1911 Encyclopædia Britannica/Khalifa, The

KHALIFA, THE. Abdullah et Taaisha (Seyyid Abdullah ibn Seyyid Mahommed) (1846–1899), successor of the mahdi Mahommed Ahmed, born in 1846 in the south-western portion of Darfur, was a member of the Taaisha section of the Baggara or cattle-owning Arabs. His father, Mahommed et Taki, had determined to emigrate to Mecca with his family; but the unsettled state of the country long prevented him, and he died in Africa after advising his eldest son, Abdullah, to take refuge with some religious sheikh on the Nile, and to proceed to Mecca on a favourable opportunity. Abdullah, who had already had much connexion with slave-hunters, and had fought against the Egyptian conquest of Darfur, departed for the Nile valley with this purpose; hearing on the way of the disputes of Mahommed Ahmed, who had not yet claimed a sacred character, with the Egyptian officials, he went to him in spite of great difficulties, and, according to his own statement, at once recognized in him the mahdi (“guide”) divinely appointed to regenerate Islam in the latter days. His advice to Mahommed to stir up revolt in Darfur and Kordofan being justified by the result, he became his most trusted counsellor, and was soon declared principal khalifa or vicegerent of the mahdi, all of whose acts were to be regarded as the mahdi’s own. The mahdi on his deathbed (1885) solemnly named him his successor; and for thirteen years Abdullah ruled over what had been the Egyptian Sudan. Khartum was deserted by his orders, and Omdurman, at first intended as a temporary camp, was made his capital. At length the progress of Sir Herbert (afterwards Lord) Kitchener’s expedition compelled him to give battle to the Anglo-Egyptian forces near Omdurman, where on the 2nd of September 1898 his army, fighting with desperate courage, was almost annihilated. The khalifa, who had not left Omdurman since the death of the mahdi, fled to Kordofan with the remnant of his host. On the 25th of November 1899 he gave battle to a force under Colonel (afterwards General Sir) F. R. Wingate, and was slain at Om Debreikat. He met death with great fortitude, refusing to fly, and his principal amirs voluntarily perished with him.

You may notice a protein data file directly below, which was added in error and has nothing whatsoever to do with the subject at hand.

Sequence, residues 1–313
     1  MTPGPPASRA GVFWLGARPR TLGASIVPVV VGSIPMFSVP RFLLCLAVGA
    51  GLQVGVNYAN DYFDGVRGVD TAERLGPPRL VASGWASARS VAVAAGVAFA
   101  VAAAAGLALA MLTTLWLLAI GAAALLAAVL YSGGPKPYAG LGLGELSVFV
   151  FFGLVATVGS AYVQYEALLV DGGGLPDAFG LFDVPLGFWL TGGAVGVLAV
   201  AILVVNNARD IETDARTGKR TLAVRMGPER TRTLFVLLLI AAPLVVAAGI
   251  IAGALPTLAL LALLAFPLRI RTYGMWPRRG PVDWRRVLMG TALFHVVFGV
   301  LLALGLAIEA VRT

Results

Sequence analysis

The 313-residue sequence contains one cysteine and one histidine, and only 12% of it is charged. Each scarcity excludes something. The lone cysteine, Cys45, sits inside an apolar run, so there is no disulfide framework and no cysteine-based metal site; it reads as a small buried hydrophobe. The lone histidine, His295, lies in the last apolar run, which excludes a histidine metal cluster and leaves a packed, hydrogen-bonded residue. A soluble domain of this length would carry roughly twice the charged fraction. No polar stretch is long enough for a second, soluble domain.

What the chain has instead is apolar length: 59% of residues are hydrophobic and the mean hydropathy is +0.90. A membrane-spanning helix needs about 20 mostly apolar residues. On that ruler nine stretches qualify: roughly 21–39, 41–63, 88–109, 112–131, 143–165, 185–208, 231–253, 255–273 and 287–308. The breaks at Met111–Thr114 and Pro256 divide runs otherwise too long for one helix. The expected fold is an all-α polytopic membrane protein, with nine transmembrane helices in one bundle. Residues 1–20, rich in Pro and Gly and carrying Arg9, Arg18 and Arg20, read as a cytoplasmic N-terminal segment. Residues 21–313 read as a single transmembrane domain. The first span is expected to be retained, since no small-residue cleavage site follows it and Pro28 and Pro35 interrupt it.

The khalifa was a man of iron will and great energy, and possessed some military skill. By nature tyrannical, he was impatient of all opposition and appeared to delight in cruelty. It must be remembered, however, that he had to meet the secret or open hostility of all the tribes of the Nile valley and that his authority was dependent on his ability to overawe his opponents. He maintained in public the divine character of the power he inherited from the mahdi and inspired his followers to perform prodigies of valour. Although he treated many of his European captives with terrible severity he never had any of them executed. It is said that their presence in Omdurman ministered to his vanity—one of the most marked features of his character. In private life he showed much affection for his family.

Personal sketches of the khalifa are given in Slatin Pasha’s Fire and Sword in the Sudan (London, 1896), and in Father Ohrwalder’s Ten Years in the Mahdi’s Camp (London, 1892). See also Sir F. R. Wingate’s Mahdiism and the Egyptian Sudan (London, 1891).